Video: You obviously need to strap down the luggage you put on the roof of your car, but as this crash test footage from Switzerland's Dynamic Test Center shows, you might also want to strap down the bags in the back of your station wagon. In an impact, pieces of luggage becomes flying missiles targeted at the vehicle's passengers.
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The late 1930s were dark times for Britain. War was on the horizon, and things were about to get very, very tough. But some periodicals tried keeping things light with utopian visions of tomorrow. Like this March 5, 1938 cover of Modern Wonder which featured the streamlined transportation of the future.
A recent survey shows that people want self-driving cars to be programmed to minimise casualties during an accident, even if it causes the death of the rider. Trouble is, the same survey shows that people don't actually want to ride in cars that are programmed this way. That's obviously a problem — and we're going to have to get over it.
According to futurists of the 1950s, people of the 21st century were all supposed to be zipping around in solar-powered cars, watching wall-sized TVs and enjoying holidays on the moon. We were even supposed to all have our own yachts. Well, half a yacht at least.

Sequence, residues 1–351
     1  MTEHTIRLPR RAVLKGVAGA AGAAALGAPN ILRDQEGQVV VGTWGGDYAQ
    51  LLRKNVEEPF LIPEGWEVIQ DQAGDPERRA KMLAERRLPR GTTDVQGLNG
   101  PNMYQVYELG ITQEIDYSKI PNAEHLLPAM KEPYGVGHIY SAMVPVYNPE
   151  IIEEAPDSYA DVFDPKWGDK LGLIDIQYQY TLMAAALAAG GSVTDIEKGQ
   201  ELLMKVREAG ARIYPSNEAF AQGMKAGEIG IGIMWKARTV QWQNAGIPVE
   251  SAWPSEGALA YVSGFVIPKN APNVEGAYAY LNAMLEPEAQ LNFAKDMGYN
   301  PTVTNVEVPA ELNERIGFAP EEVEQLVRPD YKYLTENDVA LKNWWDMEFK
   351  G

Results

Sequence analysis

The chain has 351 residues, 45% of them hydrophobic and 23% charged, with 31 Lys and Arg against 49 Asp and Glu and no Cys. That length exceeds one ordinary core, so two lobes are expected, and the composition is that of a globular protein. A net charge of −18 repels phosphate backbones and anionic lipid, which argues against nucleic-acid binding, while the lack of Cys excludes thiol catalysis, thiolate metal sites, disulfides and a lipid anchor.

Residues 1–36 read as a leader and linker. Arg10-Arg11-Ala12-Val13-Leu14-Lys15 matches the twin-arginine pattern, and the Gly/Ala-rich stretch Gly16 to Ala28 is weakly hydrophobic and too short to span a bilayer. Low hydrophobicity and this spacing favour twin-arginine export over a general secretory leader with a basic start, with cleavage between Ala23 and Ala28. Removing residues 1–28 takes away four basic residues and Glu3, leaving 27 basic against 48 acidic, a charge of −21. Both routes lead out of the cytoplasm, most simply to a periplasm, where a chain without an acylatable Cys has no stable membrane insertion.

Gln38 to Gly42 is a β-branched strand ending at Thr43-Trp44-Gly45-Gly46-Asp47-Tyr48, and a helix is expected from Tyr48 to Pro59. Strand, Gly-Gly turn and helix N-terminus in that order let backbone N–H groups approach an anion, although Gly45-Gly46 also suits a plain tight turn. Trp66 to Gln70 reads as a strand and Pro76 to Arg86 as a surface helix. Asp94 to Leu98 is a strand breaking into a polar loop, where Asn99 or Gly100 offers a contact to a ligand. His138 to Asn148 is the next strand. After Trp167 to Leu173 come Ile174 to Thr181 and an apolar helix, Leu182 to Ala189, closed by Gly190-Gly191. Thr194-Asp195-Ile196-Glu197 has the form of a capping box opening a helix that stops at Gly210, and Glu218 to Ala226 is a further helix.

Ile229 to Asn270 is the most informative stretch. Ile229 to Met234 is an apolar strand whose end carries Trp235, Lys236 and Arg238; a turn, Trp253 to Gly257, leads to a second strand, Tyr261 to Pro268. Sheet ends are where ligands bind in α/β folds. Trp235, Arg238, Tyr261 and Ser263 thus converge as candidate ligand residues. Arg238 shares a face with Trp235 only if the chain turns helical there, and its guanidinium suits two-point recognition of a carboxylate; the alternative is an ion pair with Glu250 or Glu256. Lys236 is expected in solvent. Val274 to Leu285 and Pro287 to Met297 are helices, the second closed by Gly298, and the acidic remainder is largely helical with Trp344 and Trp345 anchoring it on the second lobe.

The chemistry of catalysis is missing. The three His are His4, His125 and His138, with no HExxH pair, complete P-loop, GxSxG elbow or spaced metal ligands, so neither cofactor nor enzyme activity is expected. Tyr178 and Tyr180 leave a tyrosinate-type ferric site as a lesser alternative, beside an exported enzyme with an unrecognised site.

For years, government agencies have chased technologies that would make it easier to ensure that vehicles in carpool lanes are actually carrying multiple passengers. Perhaps the only reason these systems haven't garnered much attention is that they haven't been particularly effective or accurate, as UC Berkeley researchers noted in a 2011 report. Now, a US agency believes it may have found the answer: the Automated Vehicle Passenger Detection system developed by Xerox.
The practice of pricing fuel with a fraction of a penny is thought to have started around the 1930s. While we can't be sure who was the first to price fuel this way, it seems to have become relatively commonplace across the United States all the sudden around the same time. So what happened? In short- taxes and the Great Depression.
The New York Times reports that several recent moves by Google suggest that it's set to launch a new car insurance shopping site in the near future.